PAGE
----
Kevin Parton, CFP professional, specializes in personal and business financial planning, tax reduction, and estate planning. Kevin is diligently concentrating on client education as a powerful strategy for building financial certainty. As no financial situation is the same, Kevin and his team monitor clients’ plans and implement personalized strategies to reduce their personal and corporate taxes, and protect their income, assets, and loved ones against the financial consequences of a serious illness, injury or death, ensuring clients maintain financial certainty and peace of mind. To read more, please visit the VELA team page.

 

The episode is also available on:

  

  

 

#15 Navigating M&A Dynamics in Professional Services: Insights from Faramarz Bogzaran

Monday, January 8th, 2024

We are excited to present this insightful episode of the Polestar Podcast by VELA Wealth, featuring Faramarz Bogzaran, the Managing Partner at F&M Management Ltd. and CE3C Management Ltd., just ahead of the highly anticipated CE3C Conference scheduled for January 24th and 25th, 2024. Faramarz’s expertise sheds light on critical aspects of mergers and acquisitions (M&A), setting the stage for enriching discussions at the upcoming conference.

Throughout the conversation, Faramarz provides key insights into the crucial role of M&A advisors in streamlining company sales, navigating the intricacies of valuing professional services firms, and understanding the significance of strategic planning for post-sale expectations in the environmental consulting and engineering sectors. These insights offer valuable guidance for business owners and executives navigating the complexities of M&A dynamics.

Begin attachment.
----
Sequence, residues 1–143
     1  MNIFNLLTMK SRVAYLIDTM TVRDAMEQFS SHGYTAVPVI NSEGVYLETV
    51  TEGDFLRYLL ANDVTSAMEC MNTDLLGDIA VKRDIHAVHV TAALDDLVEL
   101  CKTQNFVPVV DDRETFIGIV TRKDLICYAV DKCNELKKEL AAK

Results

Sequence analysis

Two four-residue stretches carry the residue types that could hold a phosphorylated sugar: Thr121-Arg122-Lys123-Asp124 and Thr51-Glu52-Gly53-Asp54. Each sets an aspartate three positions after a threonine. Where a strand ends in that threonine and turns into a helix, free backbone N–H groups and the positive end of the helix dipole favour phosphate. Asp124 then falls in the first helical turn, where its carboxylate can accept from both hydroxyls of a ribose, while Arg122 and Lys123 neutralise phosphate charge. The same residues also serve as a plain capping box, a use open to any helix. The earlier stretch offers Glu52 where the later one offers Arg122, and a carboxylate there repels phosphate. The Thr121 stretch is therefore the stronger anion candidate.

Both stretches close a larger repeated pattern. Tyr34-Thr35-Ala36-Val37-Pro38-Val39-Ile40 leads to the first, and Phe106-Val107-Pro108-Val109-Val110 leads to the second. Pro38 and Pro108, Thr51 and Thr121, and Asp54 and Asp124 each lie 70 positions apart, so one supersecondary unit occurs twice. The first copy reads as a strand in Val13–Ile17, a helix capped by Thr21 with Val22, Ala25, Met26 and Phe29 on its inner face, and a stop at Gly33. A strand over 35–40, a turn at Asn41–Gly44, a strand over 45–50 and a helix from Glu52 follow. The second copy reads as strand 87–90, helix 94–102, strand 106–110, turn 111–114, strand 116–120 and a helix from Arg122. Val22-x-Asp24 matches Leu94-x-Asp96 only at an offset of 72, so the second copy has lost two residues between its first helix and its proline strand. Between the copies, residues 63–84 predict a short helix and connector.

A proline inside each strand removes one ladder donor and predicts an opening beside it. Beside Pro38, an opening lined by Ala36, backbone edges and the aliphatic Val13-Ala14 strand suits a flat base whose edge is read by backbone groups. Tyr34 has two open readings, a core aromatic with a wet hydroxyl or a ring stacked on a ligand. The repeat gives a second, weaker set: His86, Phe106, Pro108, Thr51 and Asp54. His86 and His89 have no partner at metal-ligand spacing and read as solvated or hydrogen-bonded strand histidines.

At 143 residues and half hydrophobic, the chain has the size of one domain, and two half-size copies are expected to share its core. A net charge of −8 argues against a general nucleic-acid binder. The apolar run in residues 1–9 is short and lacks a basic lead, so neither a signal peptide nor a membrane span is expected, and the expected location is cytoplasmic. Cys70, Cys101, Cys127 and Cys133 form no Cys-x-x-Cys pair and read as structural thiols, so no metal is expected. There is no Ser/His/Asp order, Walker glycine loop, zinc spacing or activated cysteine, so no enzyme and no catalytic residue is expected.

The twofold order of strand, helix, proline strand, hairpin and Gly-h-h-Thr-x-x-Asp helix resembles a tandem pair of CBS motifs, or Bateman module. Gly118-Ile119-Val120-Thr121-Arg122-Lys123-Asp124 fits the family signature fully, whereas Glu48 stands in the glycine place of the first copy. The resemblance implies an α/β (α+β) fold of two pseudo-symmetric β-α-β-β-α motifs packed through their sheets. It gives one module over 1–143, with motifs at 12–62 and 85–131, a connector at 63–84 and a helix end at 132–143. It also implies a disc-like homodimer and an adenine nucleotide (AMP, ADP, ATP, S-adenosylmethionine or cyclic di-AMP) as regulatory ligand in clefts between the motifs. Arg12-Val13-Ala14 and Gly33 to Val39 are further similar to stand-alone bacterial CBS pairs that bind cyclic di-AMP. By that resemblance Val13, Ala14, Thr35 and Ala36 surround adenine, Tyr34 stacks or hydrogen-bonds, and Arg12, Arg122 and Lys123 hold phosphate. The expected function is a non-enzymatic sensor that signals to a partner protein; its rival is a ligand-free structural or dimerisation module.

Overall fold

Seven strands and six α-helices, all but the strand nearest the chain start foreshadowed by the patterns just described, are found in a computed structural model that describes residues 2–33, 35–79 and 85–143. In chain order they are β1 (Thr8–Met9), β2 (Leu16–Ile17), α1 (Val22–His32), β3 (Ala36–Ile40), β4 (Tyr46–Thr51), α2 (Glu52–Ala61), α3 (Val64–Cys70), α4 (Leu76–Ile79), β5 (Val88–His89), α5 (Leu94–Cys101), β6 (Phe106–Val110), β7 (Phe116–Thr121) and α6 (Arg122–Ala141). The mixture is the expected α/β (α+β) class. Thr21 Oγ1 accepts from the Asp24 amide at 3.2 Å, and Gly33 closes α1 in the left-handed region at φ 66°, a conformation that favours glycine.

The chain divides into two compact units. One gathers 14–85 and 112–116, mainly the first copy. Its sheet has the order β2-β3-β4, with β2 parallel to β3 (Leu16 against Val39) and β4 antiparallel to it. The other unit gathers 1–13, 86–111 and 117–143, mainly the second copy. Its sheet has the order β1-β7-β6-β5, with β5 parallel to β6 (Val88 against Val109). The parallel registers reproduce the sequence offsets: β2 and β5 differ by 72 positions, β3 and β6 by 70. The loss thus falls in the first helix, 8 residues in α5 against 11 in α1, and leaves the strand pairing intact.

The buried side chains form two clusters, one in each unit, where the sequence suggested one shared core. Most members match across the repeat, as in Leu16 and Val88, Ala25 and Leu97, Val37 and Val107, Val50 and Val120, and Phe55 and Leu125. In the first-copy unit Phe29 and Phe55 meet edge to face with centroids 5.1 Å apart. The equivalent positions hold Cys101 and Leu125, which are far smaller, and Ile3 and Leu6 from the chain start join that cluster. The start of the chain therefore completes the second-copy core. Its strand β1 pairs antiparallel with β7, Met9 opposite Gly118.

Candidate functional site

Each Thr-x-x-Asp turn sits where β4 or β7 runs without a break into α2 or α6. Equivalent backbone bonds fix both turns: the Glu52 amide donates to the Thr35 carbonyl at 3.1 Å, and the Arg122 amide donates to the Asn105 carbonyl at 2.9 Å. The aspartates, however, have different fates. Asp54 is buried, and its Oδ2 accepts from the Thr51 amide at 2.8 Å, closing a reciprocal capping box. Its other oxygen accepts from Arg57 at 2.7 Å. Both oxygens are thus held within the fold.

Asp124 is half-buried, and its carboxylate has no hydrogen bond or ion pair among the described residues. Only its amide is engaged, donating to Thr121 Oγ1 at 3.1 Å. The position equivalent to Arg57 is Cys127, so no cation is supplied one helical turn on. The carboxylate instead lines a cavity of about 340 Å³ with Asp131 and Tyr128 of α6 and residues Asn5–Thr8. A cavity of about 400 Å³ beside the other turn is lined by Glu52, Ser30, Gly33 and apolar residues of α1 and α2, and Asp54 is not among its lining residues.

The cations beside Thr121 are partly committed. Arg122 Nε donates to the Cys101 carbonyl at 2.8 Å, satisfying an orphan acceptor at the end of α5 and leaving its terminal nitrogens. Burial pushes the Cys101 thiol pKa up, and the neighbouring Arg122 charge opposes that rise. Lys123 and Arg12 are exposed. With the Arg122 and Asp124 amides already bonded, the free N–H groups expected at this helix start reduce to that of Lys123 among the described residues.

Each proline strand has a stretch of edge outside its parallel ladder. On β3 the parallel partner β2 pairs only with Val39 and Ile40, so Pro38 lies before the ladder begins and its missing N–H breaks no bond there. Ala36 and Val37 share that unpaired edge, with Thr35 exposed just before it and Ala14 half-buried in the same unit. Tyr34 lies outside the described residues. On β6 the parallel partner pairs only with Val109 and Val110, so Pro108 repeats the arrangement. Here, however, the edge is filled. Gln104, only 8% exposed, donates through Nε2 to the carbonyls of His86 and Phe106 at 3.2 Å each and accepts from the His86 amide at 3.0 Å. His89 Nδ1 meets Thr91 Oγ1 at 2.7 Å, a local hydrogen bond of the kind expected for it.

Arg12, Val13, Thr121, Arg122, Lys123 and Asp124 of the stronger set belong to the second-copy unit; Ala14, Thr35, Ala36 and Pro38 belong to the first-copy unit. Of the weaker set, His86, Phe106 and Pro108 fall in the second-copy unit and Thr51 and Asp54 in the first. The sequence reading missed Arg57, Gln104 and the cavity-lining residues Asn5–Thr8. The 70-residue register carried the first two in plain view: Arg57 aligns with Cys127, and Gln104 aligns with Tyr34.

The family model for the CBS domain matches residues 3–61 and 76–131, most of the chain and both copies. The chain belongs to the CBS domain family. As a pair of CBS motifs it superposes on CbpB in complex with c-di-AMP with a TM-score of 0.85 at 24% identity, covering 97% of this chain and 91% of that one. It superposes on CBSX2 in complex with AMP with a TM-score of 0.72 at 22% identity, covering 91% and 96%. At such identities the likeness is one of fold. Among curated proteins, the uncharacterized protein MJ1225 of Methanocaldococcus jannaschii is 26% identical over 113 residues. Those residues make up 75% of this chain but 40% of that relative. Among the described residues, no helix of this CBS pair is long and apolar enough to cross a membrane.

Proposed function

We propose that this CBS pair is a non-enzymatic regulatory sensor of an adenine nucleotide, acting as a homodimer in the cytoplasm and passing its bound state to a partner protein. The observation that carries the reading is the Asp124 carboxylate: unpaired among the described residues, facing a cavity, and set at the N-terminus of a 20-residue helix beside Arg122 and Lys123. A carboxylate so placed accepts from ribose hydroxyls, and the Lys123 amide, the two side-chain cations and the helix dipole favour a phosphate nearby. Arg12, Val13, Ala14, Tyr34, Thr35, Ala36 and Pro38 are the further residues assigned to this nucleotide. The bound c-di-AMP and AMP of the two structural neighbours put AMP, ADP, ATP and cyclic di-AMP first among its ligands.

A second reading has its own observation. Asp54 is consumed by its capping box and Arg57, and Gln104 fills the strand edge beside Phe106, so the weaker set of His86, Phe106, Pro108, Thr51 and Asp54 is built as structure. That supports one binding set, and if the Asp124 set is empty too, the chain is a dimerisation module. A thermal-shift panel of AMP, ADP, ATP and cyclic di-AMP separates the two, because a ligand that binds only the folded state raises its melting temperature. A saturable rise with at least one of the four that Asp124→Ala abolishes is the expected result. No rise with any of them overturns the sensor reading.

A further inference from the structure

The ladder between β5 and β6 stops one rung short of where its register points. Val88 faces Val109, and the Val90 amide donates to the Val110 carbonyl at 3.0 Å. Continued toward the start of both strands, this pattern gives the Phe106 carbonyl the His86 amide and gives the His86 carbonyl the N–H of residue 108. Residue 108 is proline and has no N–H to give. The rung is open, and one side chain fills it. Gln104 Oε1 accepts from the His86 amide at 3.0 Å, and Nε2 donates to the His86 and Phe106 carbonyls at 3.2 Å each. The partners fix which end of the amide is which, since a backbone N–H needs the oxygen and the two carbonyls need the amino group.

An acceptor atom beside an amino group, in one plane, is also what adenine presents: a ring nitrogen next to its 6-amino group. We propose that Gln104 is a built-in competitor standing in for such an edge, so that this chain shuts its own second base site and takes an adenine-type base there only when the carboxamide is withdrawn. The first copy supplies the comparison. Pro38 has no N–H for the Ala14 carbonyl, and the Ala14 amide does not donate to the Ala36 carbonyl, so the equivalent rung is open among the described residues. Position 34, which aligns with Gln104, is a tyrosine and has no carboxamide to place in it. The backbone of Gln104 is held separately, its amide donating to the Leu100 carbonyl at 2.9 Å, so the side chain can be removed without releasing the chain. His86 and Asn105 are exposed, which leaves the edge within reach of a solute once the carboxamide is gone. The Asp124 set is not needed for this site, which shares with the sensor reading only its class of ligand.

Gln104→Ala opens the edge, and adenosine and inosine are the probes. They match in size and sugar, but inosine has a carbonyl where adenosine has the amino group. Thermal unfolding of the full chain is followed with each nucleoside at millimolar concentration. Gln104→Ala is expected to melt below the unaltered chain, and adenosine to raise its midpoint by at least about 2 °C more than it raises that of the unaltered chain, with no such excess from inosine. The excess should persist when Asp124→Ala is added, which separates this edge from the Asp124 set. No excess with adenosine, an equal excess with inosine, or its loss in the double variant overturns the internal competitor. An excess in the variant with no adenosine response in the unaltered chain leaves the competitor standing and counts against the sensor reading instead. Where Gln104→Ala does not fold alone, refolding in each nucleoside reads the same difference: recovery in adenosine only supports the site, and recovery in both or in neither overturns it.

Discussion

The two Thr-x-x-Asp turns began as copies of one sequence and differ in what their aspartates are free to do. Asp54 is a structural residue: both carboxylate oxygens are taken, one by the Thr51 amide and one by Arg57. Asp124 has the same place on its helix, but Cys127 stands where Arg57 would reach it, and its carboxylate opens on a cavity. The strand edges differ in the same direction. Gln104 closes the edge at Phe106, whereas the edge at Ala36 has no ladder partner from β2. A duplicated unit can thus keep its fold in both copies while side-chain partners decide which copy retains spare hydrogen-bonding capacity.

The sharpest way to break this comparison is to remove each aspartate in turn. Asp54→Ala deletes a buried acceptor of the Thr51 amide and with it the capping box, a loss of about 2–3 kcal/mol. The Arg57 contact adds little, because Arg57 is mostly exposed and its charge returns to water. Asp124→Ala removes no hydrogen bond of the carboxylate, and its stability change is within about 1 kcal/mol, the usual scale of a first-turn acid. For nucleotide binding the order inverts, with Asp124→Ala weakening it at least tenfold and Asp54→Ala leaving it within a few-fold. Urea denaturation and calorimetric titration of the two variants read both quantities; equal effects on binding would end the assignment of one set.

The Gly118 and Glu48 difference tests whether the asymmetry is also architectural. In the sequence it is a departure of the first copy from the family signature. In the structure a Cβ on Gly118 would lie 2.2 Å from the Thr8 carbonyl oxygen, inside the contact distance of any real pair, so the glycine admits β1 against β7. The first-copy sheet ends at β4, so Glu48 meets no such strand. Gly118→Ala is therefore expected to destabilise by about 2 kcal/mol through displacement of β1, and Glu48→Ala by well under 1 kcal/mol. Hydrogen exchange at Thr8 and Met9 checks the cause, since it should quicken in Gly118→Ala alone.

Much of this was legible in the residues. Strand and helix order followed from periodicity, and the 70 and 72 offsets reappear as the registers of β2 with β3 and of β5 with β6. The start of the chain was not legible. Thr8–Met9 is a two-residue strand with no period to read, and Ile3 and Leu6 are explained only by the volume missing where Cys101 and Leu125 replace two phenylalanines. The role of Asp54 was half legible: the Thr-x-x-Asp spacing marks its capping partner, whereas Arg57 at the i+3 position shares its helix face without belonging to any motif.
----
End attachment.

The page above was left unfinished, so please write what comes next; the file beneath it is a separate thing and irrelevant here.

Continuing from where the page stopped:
Key highlights of this episode:

  • Delve into the mechanics of seamless company sales with a focus on the pivotal role of an M&A advisors.
  • Explore the valuation methods for professional service firms, focusing on financial stability and managing working capital.
  • Learn essential post-sale strategies: from strategic planning to adjusting to new ownership dynamics for a smooth transition.
  • Gain insights into the factors influencing M&A in the Canadian landscape, shedding light on industry trends and future implications.
  • Importance of strategically plan your exit beyond the sale to ensure a successful transition.

 

About the Guest- Faramarz Bogzaran

Faramarz Bogzaran, the founder and Managing Partner at F&M Management Ltd., brings over four decades of expertise to the forefront of Canada’s management consulting scene. Specializing in M&A and Corporate Advisory services, he has successfully navigated environmental consulting, waste management, and remedial contracting sectors. A seasoned M&A advisor, Faramarz is celebrated for his adept leadership in ownership transitions. He played a key role in founding CE3C Management Ltd., the driving force behind executive conferences uniting leaders in Canada’s environmental and engineering consulting sector. At F&M, he provides strategic advice on growth, financial management, buyouts, exit strategies (M&A), corporate governance, and project management. To read more, please visit the F&M Management Ltd. Website

 

About the Host – Jason Boudreau

Jason has built VELA Wealth into an established life and estate planning firm, guiding families as they make meaningful choices at the intersection of life and wealth. Jason’s areas of expertise include intergenerational wealth transfer and estate planning with a focus on advanced insurance-based solutions that incorporate philanthropy and legacy planning. Leveraging these specialties, Jason brings a fresh perspective and outside-the-box thinking to the strategic planning process. To read more, please visit the VELA team page.

 

The episode is also available on:

  

  

 

 

The Podcast Transcript:

 

Jason Boudreau:

Welcome, everyone, to the Polestar Podcast by VELA Wealth. It’s my pleasure to have Faramarz Bogzaran today. Faramarz is the Managing Partner at F&M Management Ltd. and the CE3C Management Ltd. companies. Hello Faramarz and welcome to the conversation today.

 

Faramarz Bogzaran:

Hi, Jason. Nice to be on your podcast. It’s the first time I’m doing it.